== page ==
Monozygotic twins share an identical DNA sequence but are not truly "identical". In fact, when it comes to health and disease, they may often display some level of phenotypic discordance. The cause of this discordance is often unknown. Epigenetic modifications such as DNA methylation, histone modification, and microRNAs-mediated regulation regulate gene expression and are sensitive to external stimuli. These modifications may be seen to bridge the gap between genetics and the environment. Over the years, the importance of epigenetics as a primary mechanism for the role that the environment plays in defining phenotype has been increasingly appreciated. Mechanisms of epigenetics include DNA methylation, histone modifications and microRNAs. Discordance rates in monozygotic twins vary depending on the specific condition, from 11% in SLE to 64% in psoriasis and 77% in PBC. Other autoimmune diseases in which discordance is found among monozygotic twins has also been studied include type 1 diabetes, multiple sclerosis, rheumatoid arthritis, dermatomyositis and systemic sclerosis. In some cases, the differences in various epigenetic modifications is slight, even though the concordance rate is low, suggesting that epigenetics is not the only factor that needs to be considered. Nonetheless, the study of phenotypic discordance in monozygotic twins may shed light on the pathogenesis of autoimmune diseases and contribute to the development of new methodologies for the diagnosis and treatment of these diseases.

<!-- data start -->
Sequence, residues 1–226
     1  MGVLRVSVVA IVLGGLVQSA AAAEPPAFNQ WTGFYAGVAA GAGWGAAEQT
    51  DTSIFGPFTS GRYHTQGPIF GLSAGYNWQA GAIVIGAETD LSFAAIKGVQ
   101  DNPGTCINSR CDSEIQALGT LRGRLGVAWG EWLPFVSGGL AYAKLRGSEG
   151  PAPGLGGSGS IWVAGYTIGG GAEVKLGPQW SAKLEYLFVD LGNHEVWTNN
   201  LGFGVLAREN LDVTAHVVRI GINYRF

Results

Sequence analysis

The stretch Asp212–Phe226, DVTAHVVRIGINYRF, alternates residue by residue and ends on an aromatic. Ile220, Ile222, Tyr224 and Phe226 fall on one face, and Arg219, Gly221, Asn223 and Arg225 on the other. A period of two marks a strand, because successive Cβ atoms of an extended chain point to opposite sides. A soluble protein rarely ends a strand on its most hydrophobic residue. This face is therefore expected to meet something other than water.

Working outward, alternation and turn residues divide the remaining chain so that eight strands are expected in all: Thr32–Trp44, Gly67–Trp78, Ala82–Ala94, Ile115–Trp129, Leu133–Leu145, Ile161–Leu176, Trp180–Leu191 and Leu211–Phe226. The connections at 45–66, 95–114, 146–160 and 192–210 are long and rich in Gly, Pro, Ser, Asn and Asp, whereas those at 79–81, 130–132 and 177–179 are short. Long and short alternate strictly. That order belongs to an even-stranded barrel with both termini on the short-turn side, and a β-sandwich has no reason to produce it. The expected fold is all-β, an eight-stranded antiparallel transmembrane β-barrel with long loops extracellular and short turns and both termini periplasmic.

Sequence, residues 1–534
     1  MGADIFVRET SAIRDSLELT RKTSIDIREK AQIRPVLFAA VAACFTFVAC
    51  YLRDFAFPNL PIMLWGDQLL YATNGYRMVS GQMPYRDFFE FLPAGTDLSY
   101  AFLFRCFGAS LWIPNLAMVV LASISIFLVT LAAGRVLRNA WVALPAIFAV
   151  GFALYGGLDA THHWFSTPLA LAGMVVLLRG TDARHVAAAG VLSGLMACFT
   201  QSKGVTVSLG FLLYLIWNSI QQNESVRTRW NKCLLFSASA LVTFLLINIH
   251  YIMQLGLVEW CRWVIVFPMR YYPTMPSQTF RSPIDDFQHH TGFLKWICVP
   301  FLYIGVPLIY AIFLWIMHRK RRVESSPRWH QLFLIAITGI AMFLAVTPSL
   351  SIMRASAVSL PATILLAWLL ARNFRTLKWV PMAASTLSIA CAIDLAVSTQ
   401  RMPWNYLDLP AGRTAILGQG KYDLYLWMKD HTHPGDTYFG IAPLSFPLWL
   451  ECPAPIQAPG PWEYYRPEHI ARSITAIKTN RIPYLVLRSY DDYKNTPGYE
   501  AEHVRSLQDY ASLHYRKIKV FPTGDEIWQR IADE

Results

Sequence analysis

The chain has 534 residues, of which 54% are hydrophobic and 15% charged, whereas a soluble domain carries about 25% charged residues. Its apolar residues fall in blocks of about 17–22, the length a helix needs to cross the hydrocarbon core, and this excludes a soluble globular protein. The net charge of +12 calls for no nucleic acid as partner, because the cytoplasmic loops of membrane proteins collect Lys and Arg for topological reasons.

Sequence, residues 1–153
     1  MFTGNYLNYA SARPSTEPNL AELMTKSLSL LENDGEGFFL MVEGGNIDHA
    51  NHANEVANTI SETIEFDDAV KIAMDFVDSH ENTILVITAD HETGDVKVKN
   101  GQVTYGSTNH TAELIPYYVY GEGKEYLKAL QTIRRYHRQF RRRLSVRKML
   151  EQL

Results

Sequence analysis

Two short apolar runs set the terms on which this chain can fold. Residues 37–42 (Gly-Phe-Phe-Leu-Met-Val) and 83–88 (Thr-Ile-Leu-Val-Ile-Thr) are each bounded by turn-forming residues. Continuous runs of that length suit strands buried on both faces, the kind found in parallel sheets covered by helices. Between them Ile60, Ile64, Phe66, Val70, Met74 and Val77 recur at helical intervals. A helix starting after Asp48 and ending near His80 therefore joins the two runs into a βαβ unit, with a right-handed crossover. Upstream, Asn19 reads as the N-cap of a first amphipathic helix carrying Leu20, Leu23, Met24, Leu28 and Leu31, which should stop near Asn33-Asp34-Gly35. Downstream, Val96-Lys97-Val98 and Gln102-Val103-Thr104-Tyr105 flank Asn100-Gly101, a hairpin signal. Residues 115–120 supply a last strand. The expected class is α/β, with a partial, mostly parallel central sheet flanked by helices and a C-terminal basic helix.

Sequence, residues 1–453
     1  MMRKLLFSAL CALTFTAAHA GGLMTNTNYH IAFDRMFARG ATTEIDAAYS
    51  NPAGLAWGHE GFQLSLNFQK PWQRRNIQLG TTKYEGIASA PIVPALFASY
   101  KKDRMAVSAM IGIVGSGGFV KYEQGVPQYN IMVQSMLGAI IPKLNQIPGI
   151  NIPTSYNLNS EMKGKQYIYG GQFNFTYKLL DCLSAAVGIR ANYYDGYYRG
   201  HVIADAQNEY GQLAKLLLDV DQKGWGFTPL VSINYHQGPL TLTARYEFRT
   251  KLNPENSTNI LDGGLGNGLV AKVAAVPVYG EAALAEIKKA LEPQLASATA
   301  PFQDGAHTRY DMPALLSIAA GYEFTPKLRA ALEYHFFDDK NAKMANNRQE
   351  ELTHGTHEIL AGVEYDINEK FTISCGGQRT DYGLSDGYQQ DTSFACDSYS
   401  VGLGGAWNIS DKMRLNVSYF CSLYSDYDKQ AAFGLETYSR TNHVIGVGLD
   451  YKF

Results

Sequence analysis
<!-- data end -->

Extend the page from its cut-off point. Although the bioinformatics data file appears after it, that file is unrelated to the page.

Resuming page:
Keywords: Autoimmune diseases; DNA methylation; Epigenetics; Histone modification; MicroRNAs-mediated regulation; Monozygotic twin.
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